<< This pictures is a fun #fbf to one of my first gigs in NYC several years ago – playing with Pitch Blak Brass Band. Some of the people in that group I still play with on gigs today and I was originally put in contact with the group through one of the other trumpet players.
So, here are five people / organizations to contact that could get you more work. Hope this helps!

1. Colleagues that play the same instrument as you

This one seems obvious but I’m putting it first because it is the most important. Much of the freelance work I’ve gotten is from subbing for friends and other connections. This is great because these people you probably already know: people you recently performed with, colleagues from school, other freelancers in your area. Contact them and meet for lunch or coffee, or a drink. Maybe put together a reading session and play some duets or brass quintets. This is especially great because you are in close contact with these people, playing and hanging out. So they hear how you play and how you are to interact with – and thus may feel comfortable recommending you to sub for them or for a gig that they can’t do. Similarly, you can ask them how they got their start or if they have any recommendations for other playing opportunities.

2. Other colleagues that don’t play your instrument 

This one seems a little less obvious but bear with me. You might think or wonder if or why a bassoon player would ever recommend you to play trombone with an orchestra but the simple answer is you never know. This person could be the contractor or happened to be in the same room as the contractor when they asked if they knew any trombone players and your name came up. Maybe this non brass player is putting together a chamber music concert and might want your group to play. The more people that know you as a person and as a musician is in your best interest to be working as much as possible.

3. Teachers or other freelancers who you admire 

Take a lesson or treat someone to drinks or a meal. Pick their brain about freelancing: explain what you want to be doing or the problems you are facing and inquire as to how to do better. Playing for someone who you respect can be a great way to get better (obviously!) but also to learn what may be needed to change your freelance situation. Maybe you aren’t ready to do the kinds of gigs that you want to be doing… and finding that out in a lesson is a lot better than finding out on the gig 😉  I’ve gotten a couple gigs from teachers and they can be amazing opportunities so you never know! This category of people is great because most likely, they have been in your position wanting to work more, understand how you feel, and may be willing to help you.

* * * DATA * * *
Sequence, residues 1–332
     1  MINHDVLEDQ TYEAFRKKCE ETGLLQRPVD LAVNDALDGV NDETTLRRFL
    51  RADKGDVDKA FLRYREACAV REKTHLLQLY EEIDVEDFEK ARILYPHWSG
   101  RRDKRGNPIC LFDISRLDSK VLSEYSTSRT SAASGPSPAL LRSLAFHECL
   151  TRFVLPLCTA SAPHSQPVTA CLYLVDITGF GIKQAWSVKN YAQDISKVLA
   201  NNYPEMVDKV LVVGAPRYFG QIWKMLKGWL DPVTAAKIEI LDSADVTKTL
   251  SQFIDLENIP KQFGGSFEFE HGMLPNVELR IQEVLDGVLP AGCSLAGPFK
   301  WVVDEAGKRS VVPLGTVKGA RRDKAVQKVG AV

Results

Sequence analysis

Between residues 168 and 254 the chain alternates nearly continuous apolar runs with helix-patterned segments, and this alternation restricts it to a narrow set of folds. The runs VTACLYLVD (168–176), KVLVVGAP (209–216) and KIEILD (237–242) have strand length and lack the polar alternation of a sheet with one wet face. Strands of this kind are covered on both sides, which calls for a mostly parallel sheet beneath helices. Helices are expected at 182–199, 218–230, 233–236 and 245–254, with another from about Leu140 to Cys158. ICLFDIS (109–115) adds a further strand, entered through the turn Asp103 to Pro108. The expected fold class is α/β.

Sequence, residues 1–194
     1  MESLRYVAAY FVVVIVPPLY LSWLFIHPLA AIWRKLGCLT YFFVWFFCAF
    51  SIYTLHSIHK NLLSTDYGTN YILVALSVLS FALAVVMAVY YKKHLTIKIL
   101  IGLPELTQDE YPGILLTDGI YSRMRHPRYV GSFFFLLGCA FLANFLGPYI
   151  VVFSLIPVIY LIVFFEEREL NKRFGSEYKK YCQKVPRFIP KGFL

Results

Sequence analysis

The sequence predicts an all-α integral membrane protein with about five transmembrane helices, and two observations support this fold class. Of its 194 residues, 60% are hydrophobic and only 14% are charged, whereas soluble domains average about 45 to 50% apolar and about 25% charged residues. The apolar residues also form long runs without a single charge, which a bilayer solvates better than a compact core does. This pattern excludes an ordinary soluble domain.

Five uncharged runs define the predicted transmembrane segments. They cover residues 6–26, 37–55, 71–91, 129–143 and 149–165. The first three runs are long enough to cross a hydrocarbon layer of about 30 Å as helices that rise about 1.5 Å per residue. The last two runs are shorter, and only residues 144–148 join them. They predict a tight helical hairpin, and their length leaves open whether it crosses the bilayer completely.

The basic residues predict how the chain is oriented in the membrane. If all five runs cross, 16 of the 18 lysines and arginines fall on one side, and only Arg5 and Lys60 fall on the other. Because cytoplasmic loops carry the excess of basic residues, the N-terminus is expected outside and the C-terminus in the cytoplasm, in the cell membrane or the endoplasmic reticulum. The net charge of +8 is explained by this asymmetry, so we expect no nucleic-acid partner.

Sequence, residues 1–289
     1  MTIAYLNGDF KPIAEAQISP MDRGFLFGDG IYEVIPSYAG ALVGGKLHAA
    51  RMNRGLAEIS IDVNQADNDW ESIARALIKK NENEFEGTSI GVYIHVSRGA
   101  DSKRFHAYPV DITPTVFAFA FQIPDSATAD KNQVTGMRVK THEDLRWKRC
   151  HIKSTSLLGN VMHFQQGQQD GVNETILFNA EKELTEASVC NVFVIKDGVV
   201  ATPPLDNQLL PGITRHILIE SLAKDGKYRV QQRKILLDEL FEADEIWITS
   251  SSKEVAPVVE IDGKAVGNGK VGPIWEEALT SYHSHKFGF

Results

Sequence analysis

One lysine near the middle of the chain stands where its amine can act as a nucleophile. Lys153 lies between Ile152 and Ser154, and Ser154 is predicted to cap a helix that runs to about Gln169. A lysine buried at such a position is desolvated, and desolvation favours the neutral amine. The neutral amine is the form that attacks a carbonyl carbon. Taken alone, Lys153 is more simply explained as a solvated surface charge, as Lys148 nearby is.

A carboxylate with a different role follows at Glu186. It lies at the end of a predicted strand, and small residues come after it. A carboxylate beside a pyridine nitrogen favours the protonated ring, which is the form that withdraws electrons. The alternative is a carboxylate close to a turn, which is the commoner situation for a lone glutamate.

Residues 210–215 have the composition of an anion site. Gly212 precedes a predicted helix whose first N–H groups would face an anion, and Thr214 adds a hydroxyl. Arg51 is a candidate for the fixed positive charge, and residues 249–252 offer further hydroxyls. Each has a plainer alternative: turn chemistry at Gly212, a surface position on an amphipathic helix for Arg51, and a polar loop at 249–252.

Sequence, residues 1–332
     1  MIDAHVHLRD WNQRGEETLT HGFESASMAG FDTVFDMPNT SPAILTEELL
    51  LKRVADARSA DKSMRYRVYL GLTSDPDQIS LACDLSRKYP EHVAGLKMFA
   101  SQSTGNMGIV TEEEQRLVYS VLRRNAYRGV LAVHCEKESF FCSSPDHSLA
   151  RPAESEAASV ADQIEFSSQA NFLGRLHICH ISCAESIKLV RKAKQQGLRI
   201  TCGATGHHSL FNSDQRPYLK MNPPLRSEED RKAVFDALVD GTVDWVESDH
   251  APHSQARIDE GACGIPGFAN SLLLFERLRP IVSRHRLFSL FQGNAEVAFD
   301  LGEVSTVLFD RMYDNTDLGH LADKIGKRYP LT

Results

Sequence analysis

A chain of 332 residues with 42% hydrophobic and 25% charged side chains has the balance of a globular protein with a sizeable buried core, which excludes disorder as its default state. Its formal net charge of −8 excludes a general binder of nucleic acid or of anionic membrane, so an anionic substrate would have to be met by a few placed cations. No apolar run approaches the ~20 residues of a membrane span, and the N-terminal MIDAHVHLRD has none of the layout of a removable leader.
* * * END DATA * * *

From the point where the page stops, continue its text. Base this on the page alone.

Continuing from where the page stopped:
4. Local groups and Organizations like Churches and/or Community Theaters etc

Want to play more orchestra gigs? Have you reached out and introduced yourself to all of the community groups in your area or local colleges that may hire ringers? What about going to a concert and meeting with people involved before or after? There are many ways to go in this direction but I think the best way in my opinion is personally – as in – in person with your physical presence rather than sending many cold emails. Of course cold emails are great and necessary and everyone does them – but if you can, sometimes showing up to meet someone in person or support a group’s performance can be even more valuable and memorable for the group potentially hiring you and for you – to see if it is even a group you want to be involved with anyways. For things where an email or showing up might not be appropriate, consider asking a friend involved in one of these organizations to mention you in an introduction email or ask if you could drop their name to start the conversation. Sometimes groups or organizations will respond more favorably to a colleague of a musician they work with rather than a random musician they haven’t heard of who seemingly has no connections to the group.

5. Yourself! 

I talk about this a lot in my Facebook live video because I think this point is super important and often overlooked. We have all heard the starving artist metaphor of a musician sitting by the phone waiting to hear from a gig offer. Of course there is a lot of work involved as a musician (practicing, emailing, networking, etc) so it is never simply just waiting blindly for a gig to appear but sometimes it can feel like that. Consider setting up your own opportunities or putting something together with friends! This can be super rewarding because you are in charge, picking the music, the venue, and running all of the details so you aren’t waiting for someone else to call you or put something together. This is obviously easier said then done but there are many opportunities out there where music can fit in- that might not have been previously  considered. Think about places like cafes, a library, a gallery, or a nursing home etc. How can you add value to your community (i.e. Providing a service people need) while filling your own desire to perform? Another benefit of putting together your own opportunities is that by hiring other freelancers for gigs, they will be more likely to hire you in the future as an appreciation and thanks for you hiring them first. Remember we are all part of a network of musicians helping each other out so take advantage of this when you can.